The Hightower Report
Arming the World; and Another Bush Mess to Clean Up
Arming the World
At last, George W. has carved his legacy in stone, and it truly is monumental. Working with military contractors that backed his presidential runs, Bush has become history's No. 1 gunrunner! He has now sold or given away more war weaponry to more countries than any other U.S. president. Hoo boy – let's hear it for George.
This year has been his best. Bush's Pentagon sales force, which acts as broker between U.S. weapons makers and foreign buyers, has produced $32 billion in sales this fiscal year, a giant leap from the $12 billion in business it generated in 2005. Fighter jets, missiles, tanks, drones, helicopters, warships, you name it – the Pentagon has been turned into a Weapons "R" Us megastore for the world. Y'all come!
There's been a rush on sales this year, because it's the last of the Bush-Cheney reign, and the U.S. industry fears that the next administration might tighten up a bit on such proliferation. Bush & Co. are eager to rearm Iraq, for example, hoping to buy its long-term acquiescence to a permanent U.S. military presence in that increasingly balky nation, so there's been a big push there.
But sales are – pardon the pun – booming all around the world. In addition to Iraq, recent hot new markets include Argentina, Azerbaijan, Brazil, Georgia, India, Morocco, and Pakistan. In Bush's first term, sales to these governments totaled less than a billion dollars, but sales in the past four years have – pardon another pun – exploded to nearly $14 billion.
A Bush appointee who helps coordinate some of the biggest arms sales insists that such profligate spreading of weaponry will cement George's legacy, because, "This is about building a more secure world." Yeah, sure – security is no longer a warm blanket; it's a bomb.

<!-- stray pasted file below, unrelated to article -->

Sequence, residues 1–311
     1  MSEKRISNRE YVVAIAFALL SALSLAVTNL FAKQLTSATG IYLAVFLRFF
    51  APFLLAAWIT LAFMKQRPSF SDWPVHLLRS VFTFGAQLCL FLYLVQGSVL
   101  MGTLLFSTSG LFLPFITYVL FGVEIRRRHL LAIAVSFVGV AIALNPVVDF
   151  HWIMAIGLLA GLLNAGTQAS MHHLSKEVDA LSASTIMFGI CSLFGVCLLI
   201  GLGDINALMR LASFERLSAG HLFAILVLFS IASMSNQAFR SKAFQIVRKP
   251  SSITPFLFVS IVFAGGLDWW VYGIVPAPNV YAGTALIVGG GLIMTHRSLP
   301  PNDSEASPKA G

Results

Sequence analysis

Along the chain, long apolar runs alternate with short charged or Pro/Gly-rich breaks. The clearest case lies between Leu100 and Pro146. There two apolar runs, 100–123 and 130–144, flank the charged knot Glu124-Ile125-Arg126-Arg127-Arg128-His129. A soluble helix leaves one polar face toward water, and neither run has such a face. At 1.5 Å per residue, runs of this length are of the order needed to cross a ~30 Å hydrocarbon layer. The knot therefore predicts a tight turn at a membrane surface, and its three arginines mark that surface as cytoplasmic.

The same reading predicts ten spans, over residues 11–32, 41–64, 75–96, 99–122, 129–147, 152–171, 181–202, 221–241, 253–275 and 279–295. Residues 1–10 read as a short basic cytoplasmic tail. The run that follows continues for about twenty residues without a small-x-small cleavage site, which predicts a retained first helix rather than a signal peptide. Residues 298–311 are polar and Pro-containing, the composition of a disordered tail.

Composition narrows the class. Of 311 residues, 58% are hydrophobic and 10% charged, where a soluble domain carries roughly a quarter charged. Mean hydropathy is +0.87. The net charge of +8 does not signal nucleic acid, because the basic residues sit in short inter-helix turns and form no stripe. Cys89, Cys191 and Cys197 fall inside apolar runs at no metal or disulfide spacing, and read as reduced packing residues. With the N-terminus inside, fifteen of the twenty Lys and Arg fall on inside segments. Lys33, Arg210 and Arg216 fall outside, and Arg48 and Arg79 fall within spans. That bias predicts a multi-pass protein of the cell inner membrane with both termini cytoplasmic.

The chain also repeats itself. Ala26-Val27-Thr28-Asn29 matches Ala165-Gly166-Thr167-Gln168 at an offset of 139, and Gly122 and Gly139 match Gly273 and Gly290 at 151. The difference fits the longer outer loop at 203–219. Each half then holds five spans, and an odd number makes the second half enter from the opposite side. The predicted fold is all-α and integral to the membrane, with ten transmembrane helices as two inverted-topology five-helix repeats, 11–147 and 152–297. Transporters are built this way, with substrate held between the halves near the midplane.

Another Bush Mess to Clean Up
Watching the Bush administration in its final few months is like watching one of those scenes in a submarine disaster movie when the "aa-oogah" horn blows and crew members rush every which way to jerry-rig pipelines, crank balky machinery, twist gauges, and fire torpedoes as the captain barks orders.
In agency after agency, the Bush-Cheney crew is scrambling in similar fashion – frantically diverting, manipulating, and generally rigging our governmental systems to deliver benefits to narrow corporate interests. From environmental agencies to the Pentagon, Bushites are rushing through new rules, executive reorganizations, and convoluted procedures designed to lock in pro-corporate policies and tie the hands of the next administration.
The latest submarine effort comes from the Justice Department, which has issued a 215-page "policy guidance" paper for future antitrust regulators. The very idea that this bunch would offer anything in the public interest is ludicrous, since the Bush crew never met a corporate monopolist it wouldn't hug. In fact, in Bush's eight-year reign, his Justice Department has filed exactly one case charging anti-competitive practices. One! And, of course, that one was not against a big monopolistic predator like Wal-Mart but instead was a small-potatoes case involving a West Virginia newspaper.
So, we need not be surprised that the new policy they've put forward is one to protect monopolists, not consumers or competitors. In fact, the policy is so unbalanced that even the Federal Trade Commission took the unusual step of blasting it, calling it "a blueprint for radically weakened [antitrust] enforcement" that will allow monopolies to act "with impunity."
They say the worst job in the circus is cleaning up after the elephants. Here's another Bush mess that's going to have to be cleaned up.
For more information on Jim Hightower's work – and to subscribe to his award-winning monthly newsletter, The Hightower Lowdown – visit www.jimhightower.com. You can hear his radio commentaries on KOOP Radio, 91.7FM, weekdays at 10:58am and 12:58pm.